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-~i~~~~F-E_D_E_R_A_L__R_E_S_E_R_V~E~B-A_N_K~O~F~D-A_L_L_A_S~~----------WednesdBiY, December 16, 1953

Number 207

Spot cotton prices continue to fluctuate within a narrow range and generally
below support levels. Cottonseed pricSS also are holding about stea~ at averages
of around $53.00 per ton in Texas and o.oo in Oklahoma.
CCC loan entries reported in the week ended December 4 were 403 1 300 bales,
which brought the total for the season through that date to 4,572,100 bales, or
slight~ ever one-fcurth of the 1953 crop. The total for the season thus far is
1 million bales below the record quantity pledged to CCC from the 1937 crop. In
onJJ 2 years - 1937 and 1948 - have CCC loan entries exceeded 5 million baleso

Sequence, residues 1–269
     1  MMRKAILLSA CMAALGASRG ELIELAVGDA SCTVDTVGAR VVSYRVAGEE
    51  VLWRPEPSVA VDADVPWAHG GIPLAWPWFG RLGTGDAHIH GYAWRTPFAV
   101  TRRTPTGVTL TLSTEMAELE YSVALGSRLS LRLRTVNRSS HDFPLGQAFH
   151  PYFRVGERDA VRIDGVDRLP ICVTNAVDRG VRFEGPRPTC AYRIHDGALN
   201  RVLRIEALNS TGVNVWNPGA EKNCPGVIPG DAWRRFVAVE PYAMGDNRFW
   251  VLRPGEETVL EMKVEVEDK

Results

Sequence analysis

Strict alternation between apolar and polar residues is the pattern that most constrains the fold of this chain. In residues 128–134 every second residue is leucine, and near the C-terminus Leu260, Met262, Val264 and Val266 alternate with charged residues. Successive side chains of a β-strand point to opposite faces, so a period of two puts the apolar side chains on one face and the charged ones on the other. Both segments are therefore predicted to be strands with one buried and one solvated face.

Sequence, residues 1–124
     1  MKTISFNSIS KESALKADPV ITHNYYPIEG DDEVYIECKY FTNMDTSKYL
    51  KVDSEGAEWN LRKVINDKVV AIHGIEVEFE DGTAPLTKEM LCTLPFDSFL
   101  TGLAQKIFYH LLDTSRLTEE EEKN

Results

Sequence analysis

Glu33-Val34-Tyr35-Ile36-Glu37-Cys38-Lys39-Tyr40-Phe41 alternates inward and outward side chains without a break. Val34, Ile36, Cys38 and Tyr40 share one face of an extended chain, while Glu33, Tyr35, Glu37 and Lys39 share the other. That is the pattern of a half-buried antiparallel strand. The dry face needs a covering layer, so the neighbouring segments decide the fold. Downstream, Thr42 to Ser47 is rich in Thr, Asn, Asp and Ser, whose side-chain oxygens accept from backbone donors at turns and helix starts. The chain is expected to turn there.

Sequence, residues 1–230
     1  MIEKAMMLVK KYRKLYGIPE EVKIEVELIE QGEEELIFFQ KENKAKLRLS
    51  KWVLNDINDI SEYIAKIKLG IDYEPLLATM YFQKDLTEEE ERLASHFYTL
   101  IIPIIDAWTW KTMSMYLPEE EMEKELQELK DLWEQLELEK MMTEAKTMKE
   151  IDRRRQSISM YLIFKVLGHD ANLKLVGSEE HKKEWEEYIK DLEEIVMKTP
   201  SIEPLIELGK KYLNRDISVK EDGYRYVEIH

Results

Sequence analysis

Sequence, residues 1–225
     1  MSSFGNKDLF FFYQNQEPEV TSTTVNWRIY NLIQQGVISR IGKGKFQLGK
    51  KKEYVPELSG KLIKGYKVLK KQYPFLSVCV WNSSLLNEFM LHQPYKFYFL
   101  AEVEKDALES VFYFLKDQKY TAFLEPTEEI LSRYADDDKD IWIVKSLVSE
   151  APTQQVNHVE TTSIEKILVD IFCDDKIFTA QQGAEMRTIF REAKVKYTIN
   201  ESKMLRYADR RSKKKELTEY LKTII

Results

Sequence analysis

The Secretary of Agriculture announced last week his decision to recommend
to Congress an increase .!!! ~ national. cotton acreage allotment to approximately
21 million acres - an increase of about 3 million acres above the announced national
allotment of 17.9 million acres.
Reports on cotton ginnings to November 1 show the counties in Texas with
the largest number of bales ginned as followst Hidalgo 124,115, Ellis 115,329,
Cameron 93 1 015, Wharton 78,3111 Hill 69,884, Williamson 65,514, Navarro 64,209,
Reeves 63,174, McLennan 61,065, Ft. Bend 56,901 1 and Lubbock 53,JOO.
The USDA reports that production of winter vegetables in Texas is estimated to be 7 percent larger than last yea.rand 20 percent above the 4-year (194952) average. Total plantings are up 8 percent from a year ago but only 2 percent